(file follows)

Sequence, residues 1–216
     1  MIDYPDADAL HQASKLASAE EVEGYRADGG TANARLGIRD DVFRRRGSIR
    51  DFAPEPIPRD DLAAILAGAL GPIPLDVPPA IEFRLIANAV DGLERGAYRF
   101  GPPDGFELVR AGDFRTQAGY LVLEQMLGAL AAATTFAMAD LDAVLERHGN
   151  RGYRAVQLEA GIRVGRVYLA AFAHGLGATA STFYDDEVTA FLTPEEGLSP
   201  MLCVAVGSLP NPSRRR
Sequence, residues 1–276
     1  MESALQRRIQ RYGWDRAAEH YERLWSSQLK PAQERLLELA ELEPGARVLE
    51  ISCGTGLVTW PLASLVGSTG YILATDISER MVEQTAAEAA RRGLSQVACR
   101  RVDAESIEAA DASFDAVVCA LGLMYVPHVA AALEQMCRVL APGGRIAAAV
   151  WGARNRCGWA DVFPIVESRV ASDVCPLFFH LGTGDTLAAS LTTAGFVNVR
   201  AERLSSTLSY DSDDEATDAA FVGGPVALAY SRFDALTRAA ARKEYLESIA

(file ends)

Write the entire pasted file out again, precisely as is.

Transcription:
Sequence, residues 1–216
     1  MIDYPDADAL HQASKLASAE EVEGYRADGG TANARLGIRD DVFRRRGSIR
    51  DFAPEPIPRD DLAAILAGAL GPIPLDVPPA IEFRLIANAV DGLERGAYRF
   101  GPPDGFELVR AGDFRTQAGY LVLEQMLGAL AAATTFAMAD LDAVLERHGN
   151  RGYRAVQLEA GIRVGRVYLA AFAHGLGATA STFYDDEVTA FLTPEEGLSP
   201  MLCVAVGSLP NPSRRR
Sequence, residues 1–276
     1  MESALQRRIQ RYGWDRAAEH YERLWSSQLK PAQERLLELA ELEPGARVLE
    51  ISCGTGLVTW PLASLVGSTG YILATDISER MVEQTAAEAA RRGLSQVACR
   101  RVDAESIEAA DASFDAVVCA LGLMYVPHVA AALEQMCRVL APGGRIAAAV
   151  WGARNRCGWA DVFPIVESRV ASDVCPLFFH LGTGDTLAAS LTTAGFVNVR
   201  AERLSSTLSY DSDDEATDAA FVGGPVALAY SRFDALTRAA ARKEYLESIA